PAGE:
An active approach to Holocaust education

Teachers’ workshop advocates project-based learning for students

Norm Conard, second from right, chats with teachers about how to implement project-based learning in their classrooms. Photo: Benjamin Blum

A different way of educating children about the Holocaust was the focus of an teachers’ workshop held at the Nova Scotia Teacher’s Union building.

The Atlantic Jewish Council invited Norm Conard to instruct teachers on project-based learning as part of the council’s Holocaust Education Week.

Conard, the executive director of the Lowell Milken Center for Unsung Heroes, is a
strong advocate of active learning through multimedia projects.

Project-based learning allows the students to have autonomy on the medium and
content of the assignment. Conard encourages creative ways of formatting the assignment, including plays and film documentaries.

“In modern world history there is no subject more complex than the Holocaust,” says
Conard. “When a student has ownership, they have more interest, they’re more excited about
learning. They soon become the expert in that particular field.”

Conard believes that the study of the Holocaust will allow students to explore the ideas of prejudice, abuse of power, the dangers of silence and apathy within the context of the Nazi genocide of Jewish, Roma and other groups of people during the Second World War.

He hopes the lessons learned through student-motivated project development and research will have a strong impact on them.

“There’s nothing like a powerful book, or a powerful story, to change someone,” says Conard.

In addition to the handouts given by Conard on how to approach project-based learning
and other unsung heroes, the council gave the teachers several resources from the Azrieli Foundation, including books and DVDs about survivors of the Holocaust.

Conard is also the director of the Life in a Jar Foundation that tells the story of Irena
Sendler. Sendler was a Polish woman who organized a partisan network in Warsaw during the Second World War to help Jewish people, notably children, escape the Warsaw ghetto and hide with sympathizers.

The name “Life in a Jar” comes from Sendler’s practice of putting the names of those
she helped hide into glass jars and burying the jars in the backyard of her house.

Conard holds one of Irena Sendler’s jars during his presentation. Photo: Benjamin Blum

“I think when [students] realize that there’s a human factor behind all the little miracles that happened, I think they will be very touched just like we were,” says Trang Bonnell, a teacher from Highland Park Junior High in Halifax.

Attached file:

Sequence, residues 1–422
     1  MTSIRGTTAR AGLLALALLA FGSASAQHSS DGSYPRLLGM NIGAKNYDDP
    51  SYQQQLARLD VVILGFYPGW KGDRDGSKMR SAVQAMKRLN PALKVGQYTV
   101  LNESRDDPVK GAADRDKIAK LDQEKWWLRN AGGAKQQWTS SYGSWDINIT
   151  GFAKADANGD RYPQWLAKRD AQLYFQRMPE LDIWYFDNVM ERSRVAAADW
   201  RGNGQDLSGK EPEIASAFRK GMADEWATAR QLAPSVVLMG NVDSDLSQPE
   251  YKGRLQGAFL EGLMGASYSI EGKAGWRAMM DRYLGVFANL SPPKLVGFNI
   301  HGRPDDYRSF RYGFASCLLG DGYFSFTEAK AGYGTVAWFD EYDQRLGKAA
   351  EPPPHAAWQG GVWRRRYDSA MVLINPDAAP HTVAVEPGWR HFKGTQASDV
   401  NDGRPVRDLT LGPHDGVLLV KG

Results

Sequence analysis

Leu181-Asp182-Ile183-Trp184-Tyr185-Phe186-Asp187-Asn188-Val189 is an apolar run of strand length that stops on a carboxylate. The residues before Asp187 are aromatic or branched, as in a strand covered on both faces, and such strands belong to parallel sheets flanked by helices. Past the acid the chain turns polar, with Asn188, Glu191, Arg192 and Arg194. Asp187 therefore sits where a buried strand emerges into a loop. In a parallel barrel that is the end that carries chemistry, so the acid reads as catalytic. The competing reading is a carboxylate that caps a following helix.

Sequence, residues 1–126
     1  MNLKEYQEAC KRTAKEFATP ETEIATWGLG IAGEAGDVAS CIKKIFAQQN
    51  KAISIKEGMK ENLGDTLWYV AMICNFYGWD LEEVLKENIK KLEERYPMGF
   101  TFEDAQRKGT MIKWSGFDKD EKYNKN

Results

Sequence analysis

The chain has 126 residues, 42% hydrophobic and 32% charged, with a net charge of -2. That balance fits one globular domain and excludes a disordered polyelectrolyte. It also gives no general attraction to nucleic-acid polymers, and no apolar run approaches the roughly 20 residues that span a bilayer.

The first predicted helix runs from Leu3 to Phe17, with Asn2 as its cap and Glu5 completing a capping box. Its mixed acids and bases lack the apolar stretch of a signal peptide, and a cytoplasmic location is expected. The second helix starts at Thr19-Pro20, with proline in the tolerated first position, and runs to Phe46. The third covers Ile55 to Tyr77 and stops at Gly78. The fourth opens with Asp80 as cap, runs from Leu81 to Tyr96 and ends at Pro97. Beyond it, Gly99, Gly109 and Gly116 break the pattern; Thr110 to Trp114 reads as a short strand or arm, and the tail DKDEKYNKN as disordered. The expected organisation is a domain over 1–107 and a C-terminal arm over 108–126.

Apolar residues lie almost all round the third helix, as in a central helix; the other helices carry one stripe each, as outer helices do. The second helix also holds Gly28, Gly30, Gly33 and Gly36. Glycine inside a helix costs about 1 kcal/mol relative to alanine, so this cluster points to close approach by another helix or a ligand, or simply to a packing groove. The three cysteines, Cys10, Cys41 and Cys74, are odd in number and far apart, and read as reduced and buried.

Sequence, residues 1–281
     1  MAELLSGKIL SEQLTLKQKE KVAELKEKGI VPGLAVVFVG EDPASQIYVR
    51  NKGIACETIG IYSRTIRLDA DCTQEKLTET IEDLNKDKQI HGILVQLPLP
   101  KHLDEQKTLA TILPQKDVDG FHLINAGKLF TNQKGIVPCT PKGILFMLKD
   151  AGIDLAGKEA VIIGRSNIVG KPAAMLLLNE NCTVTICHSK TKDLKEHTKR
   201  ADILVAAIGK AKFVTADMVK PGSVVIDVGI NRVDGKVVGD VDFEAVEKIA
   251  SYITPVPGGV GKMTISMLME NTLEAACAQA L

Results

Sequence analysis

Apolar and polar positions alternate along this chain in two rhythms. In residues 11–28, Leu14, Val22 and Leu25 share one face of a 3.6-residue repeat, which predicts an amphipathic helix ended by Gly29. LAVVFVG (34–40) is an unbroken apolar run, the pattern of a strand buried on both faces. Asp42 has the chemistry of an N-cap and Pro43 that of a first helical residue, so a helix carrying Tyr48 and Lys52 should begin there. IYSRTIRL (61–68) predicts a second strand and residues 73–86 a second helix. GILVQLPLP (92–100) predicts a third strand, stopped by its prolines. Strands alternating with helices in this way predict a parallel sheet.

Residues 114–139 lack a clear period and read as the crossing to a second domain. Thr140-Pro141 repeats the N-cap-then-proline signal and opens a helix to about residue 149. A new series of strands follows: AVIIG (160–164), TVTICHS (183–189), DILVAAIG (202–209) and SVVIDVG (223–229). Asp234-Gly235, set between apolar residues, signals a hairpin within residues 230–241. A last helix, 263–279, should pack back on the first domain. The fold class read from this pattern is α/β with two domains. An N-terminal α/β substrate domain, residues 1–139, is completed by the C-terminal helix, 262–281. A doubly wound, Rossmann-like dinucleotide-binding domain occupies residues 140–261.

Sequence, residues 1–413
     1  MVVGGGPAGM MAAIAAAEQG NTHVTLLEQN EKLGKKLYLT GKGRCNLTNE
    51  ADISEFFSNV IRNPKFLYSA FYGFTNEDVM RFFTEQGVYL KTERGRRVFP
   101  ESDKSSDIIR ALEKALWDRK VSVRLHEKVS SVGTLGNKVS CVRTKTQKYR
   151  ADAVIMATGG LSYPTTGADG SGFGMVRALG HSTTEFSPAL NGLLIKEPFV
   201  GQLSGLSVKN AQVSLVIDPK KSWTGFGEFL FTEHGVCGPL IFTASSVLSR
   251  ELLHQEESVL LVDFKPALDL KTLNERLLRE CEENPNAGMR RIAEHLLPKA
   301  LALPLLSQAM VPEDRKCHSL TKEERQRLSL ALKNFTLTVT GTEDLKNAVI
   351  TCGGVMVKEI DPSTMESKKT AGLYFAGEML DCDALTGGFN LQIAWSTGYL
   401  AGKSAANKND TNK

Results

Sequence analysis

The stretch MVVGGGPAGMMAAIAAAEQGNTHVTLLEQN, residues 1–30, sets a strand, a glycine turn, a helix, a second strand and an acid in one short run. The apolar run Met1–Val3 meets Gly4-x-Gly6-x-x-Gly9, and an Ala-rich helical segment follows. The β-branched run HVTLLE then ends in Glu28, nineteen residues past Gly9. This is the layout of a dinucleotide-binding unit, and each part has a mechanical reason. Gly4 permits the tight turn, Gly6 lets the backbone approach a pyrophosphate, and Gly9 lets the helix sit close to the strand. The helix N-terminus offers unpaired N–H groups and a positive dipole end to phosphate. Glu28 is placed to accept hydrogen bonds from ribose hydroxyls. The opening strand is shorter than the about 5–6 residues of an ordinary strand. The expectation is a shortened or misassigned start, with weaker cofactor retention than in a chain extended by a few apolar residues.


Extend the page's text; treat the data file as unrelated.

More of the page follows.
The workshop was attended by 15 people, including teachers from Halifax and as far
away as Digby and Yarmouth counties. A representative from the Nova Scotia Archives was
also on hand to let the teachers know of the resources and support available to them.

“They study the Holocaust as it is now, but uncovering all these different little stories that
they’ve never heard of before I think will really get to them even deeper,” says Nicole Hardy,
another teacher from Highland Park.

Conard was a teacher at Uniontown High School in rural Kansas when he was approached
in 1999 by his students about Sendler’s story. At that point Sendler was not widely recognized, so he challenged his students to learn all they can about the Holocaust and her.

The project produced a play based on Sendler’s life and work. The company, comprised
of students and adults, continues to tour internationally. Megan Felt, one of Conard’s students
from the original project, currently plays Sendler in the production.

“We love the critical thinking aspect, we love the primary research aspect of project-
based learning,” says Conard

Conard recognizes the difficulty in educating students on the Holocaust today, as fewer
survivors are alive to tell their story. He puts the onus on teachers appropriately choosing from a large database of information that will best connect with the students in a way that engages them.

Edna LeVine, the council’s director of community engagement, hopes that workshops like these will continue the practice of tikun olam, the Jewish tradition of doing good work to help
mend the world. According to Conard, this idea of tikun olam was held in high regard by Sendler, whom he had several chances to meet with before her death in 2008.

“There are still stories to tell,” says Conard.